In recent months, I have been adding a number of small, inexpensive items to my existing cache of survival gear. I have added flashlights (Blocklite’s in particular), paracord, mini-tools, and pocket knives as well as other handy items to my stash of portable survival kits.
One item that I have purchased in bulk and stowed everywhere I can think of is a whistle. As with everything, I have my favorites including the WindStorm (nicely made in the USA) and the dirt-cheap SE 5 in 1 whistle.
My personal preference notwithstanding, today my friend Above Average Joe shares his thoughts on survival whistles. You will probably be surprised at this recommendation; I know that I was.
Incredibly Loud, Obnoxious, And Absolutely Necessary
A lot of times we get hung up on what’s the biggest, newest, “sexiest” gear that we can get our hands on it.
But when it comes down to it you need something that is going to work and do the job it was intended for without fail.
I wanted to take a moment and talk to you a little about a piece of equipment that is so small and inexpensive that it is forgotten about more often than not.
With school being out and summer camping season hitting full swing, it is more important now than ever to have a good whistle in your gear.
When you’re stuck in the sticks and the cell phone doesn’t work, the batteries on your walkie-talkie run out, and you’re otherwise SOL, the only communication you have goes about as far as you can throw your voice.
With all the technology that we have available to us, a good whistle has become a relic to many a hikers gear. But I have to tell you, in my opinion, not having a whistle in your kit is about one of the dumbest things you can do…
They are cheap, take minimal (read as no) energy to use, and massively increase the range at which you can be heard when you need to be found. These are an absolute imperative to string around your kids necks when you take them out for a family camping trip or even just a day hike.
So many people grab those little 5 in one or 7 in one “survival whistles” and think that they are set. You know the ones. They are orange, have a “fire starter” that falls off the first time you strike it. They have a “signal mirror” not much bigger than a dime. Maybe a compass on one end and a waterproof storage compartment inside them.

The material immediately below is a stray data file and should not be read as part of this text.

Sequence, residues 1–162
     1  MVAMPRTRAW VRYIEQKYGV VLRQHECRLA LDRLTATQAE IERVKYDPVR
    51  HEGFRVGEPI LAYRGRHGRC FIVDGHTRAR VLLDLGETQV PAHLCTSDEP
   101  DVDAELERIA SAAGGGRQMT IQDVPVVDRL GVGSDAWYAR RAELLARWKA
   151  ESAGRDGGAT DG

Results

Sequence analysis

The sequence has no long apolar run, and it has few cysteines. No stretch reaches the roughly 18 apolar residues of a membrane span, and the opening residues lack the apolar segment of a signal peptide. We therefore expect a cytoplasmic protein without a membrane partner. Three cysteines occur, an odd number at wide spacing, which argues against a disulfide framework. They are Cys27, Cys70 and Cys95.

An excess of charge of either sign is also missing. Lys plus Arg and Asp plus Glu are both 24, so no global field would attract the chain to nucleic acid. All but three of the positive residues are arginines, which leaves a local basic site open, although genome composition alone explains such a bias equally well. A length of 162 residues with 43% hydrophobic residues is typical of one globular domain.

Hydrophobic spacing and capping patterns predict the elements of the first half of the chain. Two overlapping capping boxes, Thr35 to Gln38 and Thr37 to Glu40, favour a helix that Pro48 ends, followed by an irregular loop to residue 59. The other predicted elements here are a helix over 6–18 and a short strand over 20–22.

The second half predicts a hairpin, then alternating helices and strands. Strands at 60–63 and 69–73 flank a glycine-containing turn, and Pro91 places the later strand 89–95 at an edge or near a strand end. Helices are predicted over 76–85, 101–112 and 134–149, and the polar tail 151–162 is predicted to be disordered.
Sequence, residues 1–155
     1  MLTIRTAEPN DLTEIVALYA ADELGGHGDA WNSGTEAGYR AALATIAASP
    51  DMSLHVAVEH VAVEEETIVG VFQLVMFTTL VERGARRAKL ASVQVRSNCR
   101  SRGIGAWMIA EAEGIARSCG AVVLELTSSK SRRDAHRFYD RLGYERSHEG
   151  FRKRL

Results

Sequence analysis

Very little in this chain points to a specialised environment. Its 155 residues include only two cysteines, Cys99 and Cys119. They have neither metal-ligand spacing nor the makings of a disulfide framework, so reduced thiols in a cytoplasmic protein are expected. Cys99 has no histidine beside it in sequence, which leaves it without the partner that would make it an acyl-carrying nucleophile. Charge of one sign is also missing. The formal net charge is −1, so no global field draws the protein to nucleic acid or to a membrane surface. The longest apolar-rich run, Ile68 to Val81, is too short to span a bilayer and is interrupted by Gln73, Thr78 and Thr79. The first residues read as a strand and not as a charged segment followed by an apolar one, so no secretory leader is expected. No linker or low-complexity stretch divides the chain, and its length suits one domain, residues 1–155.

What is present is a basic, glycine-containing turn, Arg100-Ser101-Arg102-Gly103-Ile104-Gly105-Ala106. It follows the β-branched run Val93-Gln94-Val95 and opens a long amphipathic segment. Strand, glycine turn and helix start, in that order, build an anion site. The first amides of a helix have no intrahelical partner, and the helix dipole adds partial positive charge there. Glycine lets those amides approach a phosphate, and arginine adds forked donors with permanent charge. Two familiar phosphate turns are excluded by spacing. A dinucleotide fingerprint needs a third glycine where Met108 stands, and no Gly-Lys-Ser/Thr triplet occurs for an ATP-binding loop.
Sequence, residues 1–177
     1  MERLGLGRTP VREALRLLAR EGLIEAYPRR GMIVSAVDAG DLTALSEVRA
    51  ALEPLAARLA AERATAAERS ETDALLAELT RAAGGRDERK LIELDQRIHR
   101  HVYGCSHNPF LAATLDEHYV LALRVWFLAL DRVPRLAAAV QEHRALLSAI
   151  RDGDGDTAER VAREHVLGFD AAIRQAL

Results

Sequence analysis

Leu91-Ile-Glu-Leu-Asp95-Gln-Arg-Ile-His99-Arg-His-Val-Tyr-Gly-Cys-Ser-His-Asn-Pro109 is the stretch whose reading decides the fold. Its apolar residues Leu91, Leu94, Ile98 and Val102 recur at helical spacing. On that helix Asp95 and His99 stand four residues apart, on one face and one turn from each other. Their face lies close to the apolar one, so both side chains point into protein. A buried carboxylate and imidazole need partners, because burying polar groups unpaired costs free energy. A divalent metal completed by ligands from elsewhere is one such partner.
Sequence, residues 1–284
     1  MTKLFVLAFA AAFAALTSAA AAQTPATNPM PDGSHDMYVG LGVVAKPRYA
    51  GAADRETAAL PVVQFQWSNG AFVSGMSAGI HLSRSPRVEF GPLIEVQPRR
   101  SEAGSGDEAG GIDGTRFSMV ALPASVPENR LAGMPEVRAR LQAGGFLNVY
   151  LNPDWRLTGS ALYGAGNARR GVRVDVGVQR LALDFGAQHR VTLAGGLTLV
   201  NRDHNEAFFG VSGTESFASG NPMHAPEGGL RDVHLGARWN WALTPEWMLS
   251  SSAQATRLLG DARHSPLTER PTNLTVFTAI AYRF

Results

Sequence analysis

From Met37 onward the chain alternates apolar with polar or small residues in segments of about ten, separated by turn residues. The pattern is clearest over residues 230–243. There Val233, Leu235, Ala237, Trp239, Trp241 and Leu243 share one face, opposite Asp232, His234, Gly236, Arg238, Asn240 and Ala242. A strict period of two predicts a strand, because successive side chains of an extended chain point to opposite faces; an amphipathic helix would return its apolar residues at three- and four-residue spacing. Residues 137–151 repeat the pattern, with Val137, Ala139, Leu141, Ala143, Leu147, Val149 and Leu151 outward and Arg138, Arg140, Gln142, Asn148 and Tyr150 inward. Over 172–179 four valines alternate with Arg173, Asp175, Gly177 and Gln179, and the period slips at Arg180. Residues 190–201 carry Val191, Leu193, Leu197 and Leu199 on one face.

Now I’m not knocking them, because they will work if need be. But I think something a little more dedicated is in order.
Flat whistle – about $2.00 with free shipping!
I told you they were cheap!
A lot of times this style of whistle is even given away as a freebie when you buy something, or as a hand out at trade shows.
I have found that if you take away all the bells and whistles ( no pun intended) that some of the other, more expensive options have, this flat piece of plastic blows them out of the water.
They fit just about anywhere and are extremely loud.
Do yourself a favor, get one of these, either from the link I posted above or anywhere else, and keep them on you at all times when you’re out in the sticks.
One downfall with these is that many of them don’t float, I would recommend hooking them to something that isn’t going to sink if it falls off of you while you happen to be in the water.
And remember the universal audible for SOS is three short bursts, 3 long bursts, and 3 short bursts again.
Using a whistle will save your voice from going hoarse and could just save your life
About ‘Above Average’ Joe: I am just an average guy with a passion for learning. I am excited to share the things I learn with you but I am most interested in learning from you. Thank you, Gaye, for inviting me to share the Survival Life with your readers!
THE FINAL WORD
I have not tried one of those flat-style whistles yet but thing it might be a good idea to put one to the test. Rothco is a good brand so it will be interesting to see how it stands up against my favorite WindStorm whistle which I keep on a paracord lanyard. (I actually have two).
There are other options as well and personal preference plays a huge role in which whistle will be right for you. And so I ask, do you have a favorite?
Enjoy your next adventure through common sense and thoughtful preparation!
Gaye Levy, also known as the Survival Woman, grew up and attended school in the Greater Seattle area. After spending many years as an executive in the software industry, she started a specialized accounting practice offering contract CFO work to emerging high tech and service industries. She has now abandoned city life and has moved to a serenely beautiful rural area on an island in NW Washington State. She lives and teaches the principles of a sustainable and self-reliant lifestyle through her website at BackdoorSurvival.com. At Backdoor Survival, Gaye speaks her mind and delivers her message of prepping with optimism and grace, regardless of the uncertain times and mayhem swirling around us.